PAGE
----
NaNoWriMo Round 2


by Lillian Csernica on October 12, 2016

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Back in 2014, I won NaNoWriMo by writing 50,000 words of Garden of Lies, the second book in my Flower Maiden trilogy.

I have just signed up for NaNoWriMo 2016. I hope to get to the 50,000 word mark on the third book of the trilogy. 7 pages a day, every day.

I thumb my nose at the Forces of Chaos that beset me on a daily basis. Come what may, I shall write my daily quota. By December 1, I will have at least half of the first draft of my new novel.

(Then comes the Labor of Hercules known as Editing the Manuscript, but I’ll get to that when the time comes.)

I send my best wishes to everybody else crazy dedicated enough to embrace NaNoWriMo!

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Filed under Awards, creativity, Depression, dreams, editing, fantasy, Fiction, frustration, historical fiction, Humor, Japan, Kyoto, Lillian Csernica, love, marriage, nature, romance, sword and sorcery, travel, Writing

When does the editing end???


by Lillian Csernica on March 5, 2013

While I’m in the process of editing my novel, my short story inventory is out to market.  I am fortunate in that the rejections I get tend to include personal comments on what the editor(s) liked and what part(s) of the story did not work.  Then comes the hard part.  Do I rush off to rewrite the story?  Or do I keep the faith and try again with another market?

Heinlein said, “You must refrain from rewriting, except to editorial order.”

So I had a story come back last week from a team of editors.  One of them liked the story enough to make specific fix-it comments.  The main editorial voice of the rejection slip encouraged me to rework the story and possibly resubmit it.  But I like this particular story.  Parts of it are really precious to me.

WARNING!  WARNING!  DANGER, Will Robinson!

Well, boys and girls?  What do you do when you’re too attached to part of your writing and that part of your writing is getting in the way of making a sale?

You murder your darlings.  That’s right.  Cut out those bits NOW.

I cut that story down from five thousand words to thirty-three thousand.  That’s six, count ’em, SIX, pages.  How did I do it?  I eliminated one character, dumped some material that slowed down the opening, got the story moving faster, and put the necessary exposition back in a more dramatic context.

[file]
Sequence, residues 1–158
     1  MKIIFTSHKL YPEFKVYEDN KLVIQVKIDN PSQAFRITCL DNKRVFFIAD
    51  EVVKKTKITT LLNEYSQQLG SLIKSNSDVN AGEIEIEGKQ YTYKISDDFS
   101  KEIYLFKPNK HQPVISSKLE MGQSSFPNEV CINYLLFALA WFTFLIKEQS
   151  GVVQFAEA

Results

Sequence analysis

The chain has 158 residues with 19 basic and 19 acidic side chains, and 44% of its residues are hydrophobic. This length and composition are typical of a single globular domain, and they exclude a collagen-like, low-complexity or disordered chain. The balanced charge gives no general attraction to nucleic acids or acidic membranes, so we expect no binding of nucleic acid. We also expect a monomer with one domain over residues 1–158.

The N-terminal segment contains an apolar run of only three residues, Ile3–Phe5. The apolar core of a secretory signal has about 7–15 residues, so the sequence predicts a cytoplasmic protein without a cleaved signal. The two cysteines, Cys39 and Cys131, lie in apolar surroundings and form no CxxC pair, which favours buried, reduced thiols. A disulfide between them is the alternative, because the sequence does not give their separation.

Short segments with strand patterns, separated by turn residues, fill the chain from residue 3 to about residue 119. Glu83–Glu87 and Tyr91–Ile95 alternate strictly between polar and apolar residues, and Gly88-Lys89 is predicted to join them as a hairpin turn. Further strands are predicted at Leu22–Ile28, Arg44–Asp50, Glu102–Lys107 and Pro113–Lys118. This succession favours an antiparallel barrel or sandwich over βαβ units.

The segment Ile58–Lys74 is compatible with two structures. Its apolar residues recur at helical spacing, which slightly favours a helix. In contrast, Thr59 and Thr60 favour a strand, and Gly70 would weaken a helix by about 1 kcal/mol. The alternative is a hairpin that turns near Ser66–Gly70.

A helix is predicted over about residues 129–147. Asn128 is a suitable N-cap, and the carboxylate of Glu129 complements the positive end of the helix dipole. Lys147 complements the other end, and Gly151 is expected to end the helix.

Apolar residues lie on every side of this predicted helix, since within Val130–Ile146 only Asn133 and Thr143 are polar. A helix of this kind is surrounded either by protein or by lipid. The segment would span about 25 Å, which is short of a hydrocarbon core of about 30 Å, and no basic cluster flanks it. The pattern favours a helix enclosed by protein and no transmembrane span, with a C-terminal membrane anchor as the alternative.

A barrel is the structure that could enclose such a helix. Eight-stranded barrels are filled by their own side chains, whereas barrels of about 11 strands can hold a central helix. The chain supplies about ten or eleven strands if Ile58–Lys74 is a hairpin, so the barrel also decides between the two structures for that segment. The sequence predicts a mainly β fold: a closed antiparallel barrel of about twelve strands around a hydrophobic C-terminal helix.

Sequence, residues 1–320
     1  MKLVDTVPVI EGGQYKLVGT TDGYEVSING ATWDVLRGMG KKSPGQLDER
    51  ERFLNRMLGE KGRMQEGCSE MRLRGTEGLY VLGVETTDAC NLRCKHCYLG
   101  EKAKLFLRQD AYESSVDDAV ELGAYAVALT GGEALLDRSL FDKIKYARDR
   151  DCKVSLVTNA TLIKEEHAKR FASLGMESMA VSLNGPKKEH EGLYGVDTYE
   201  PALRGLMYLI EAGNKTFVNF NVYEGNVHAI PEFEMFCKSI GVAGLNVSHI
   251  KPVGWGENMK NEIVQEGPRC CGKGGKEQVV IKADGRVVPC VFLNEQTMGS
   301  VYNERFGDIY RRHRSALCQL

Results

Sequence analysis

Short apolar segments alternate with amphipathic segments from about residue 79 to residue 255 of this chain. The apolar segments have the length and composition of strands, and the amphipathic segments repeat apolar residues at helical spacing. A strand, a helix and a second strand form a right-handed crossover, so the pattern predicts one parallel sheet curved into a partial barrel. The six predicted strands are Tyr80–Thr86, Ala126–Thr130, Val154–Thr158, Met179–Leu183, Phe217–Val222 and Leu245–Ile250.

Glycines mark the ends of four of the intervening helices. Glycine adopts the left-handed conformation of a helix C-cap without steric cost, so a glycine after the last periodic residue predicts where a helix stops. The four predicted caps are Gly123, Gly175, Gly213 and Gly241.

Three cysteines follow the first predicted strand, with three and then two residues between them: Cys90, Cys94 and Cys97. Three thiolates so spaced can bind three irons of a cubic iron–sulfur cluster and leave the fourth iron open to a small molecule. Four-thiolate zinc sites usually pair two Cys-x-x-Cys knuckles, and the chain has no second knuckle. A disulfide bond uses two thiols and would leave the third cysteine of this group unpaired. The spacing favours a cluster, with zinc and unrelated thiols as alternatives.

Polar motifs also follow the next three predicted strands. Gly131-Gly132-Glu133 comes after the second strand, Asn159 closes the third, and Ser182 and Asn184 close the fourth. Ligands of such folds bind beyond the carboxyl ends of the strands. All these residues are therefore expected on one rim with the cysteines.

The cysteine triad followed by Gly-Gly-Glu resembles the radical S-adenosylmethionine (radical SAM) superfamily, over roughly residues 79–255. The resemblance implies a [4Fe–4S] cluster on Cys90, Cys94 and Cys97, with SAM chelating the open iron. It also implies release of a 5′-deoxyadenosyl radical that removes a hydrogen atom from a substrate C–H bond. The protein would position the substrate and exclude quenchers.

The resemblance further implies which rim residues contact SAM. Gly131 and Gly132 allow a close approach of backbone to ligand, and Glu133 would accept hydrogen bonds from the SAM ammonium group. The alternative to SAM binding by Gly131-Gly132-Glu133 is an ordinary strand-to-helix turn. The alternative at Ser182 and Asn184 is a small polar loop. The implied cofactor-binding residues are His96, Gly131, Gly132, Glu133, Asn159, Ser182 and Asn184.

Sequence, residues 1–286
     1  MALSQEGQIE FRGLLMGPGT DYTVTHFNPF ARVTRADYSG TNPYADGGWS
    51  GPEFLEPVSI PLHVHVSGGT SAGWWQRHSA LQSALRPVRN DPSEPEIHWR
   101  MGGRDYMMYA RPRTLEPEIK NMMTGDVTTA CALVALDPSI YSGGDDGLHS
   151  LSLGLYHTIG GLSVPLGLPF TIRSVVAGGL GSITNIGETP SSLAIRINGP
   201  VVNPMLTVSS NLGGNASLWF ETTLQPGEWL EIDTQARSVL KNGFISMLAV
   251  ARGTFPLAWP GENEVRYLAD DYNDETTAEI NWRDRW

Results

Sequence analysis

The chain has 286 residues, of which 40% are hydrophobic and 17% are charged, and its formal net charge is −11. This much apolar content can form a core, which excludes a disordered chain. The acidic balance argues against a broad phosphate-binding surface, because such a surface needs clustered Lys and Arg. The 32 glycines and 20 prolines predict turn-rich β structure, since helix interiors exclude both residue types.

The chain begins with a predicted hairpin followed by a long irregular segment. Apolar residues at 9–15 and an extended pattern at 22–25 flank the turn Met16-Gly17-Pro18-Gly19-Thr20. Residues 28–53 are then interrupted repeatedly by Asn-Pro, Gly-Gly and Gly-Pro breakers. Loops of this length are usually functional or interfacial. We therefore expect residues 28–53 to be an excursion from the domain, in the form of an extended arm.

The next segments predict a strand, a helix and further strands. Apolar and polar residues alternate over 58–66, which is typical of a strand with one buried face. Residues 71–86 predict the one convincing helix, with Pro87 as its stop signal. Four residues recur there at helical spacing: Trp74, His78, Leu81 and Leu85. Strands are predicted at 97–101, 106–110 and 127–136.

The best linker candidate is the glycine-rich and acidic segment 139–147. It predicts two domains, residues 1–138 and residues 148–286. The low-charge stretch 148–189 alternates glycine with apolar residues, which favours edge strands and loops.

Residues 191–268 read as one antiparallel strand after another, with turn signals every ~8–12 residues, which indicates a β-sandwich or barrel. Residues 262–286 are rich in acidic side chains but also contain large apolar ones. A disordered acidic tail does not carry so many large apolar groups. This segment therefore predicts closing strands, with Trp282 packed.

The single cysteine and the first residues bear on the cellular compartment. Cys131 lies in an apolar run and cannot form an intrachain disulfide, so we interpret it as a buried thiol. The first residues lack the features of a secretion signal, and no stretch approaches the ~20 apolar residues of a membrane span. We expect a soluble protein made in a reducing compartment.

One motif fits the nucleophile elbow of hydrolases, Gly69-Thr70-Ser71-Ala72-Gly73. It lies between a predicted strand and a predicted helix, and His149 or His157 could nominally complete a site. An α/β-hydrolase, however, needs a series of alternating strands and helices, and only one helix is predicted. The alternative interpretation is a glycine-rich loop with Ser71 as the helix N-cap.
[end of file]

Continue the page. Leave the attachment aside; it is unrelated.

I couldn’t have done that if my ego meant more to me than being a better writer, more than taking advantage of the opportunity being offered by the editor who liked my story enough to speak up in favor of it provided I made the necessary changes.  That story, at its new length with a much-improved title, is on its way back to those editors.  Cross your fingers for me.  Hope I did what they thought I should do the way they thought I should do it.  The one big danger of a rewrite request is the possibility of messing up something the editor liked.

So when does the editing end?  Maybe once the short story is sold.  With a novel, once you’ve made the sale and your ms is in the hands of that editor, a whole new cycle of editing begins.

Right now I’ve got another short story sitting here.  The last three rejection slips add up to a pattern of editorial feedback.  Time to get out the red pen and murder my darlings.

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Filed under fantasy, Fiction, Horror, Writing

Bonus Post! S is for Supporting Small Business!


by Lillian Csernica on April 22, 2013

Please, folks, join me in helping out a really nice pair of people.  He’s a great cook as well as being a  marvelous fencer.  She’s a talented seamstress and the soul of hospitality.  All you need to do is go to this page and click on the VOTE button.  I know a lot of you enjoy good tea and the delights of cupcakes, scones, and other baked goodies.  You’ll be helping two hard workers keep progressing toward their dream business.

On behalf of myself and these two wonderful people, I thank you for your support.

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Filed under Awards, Small business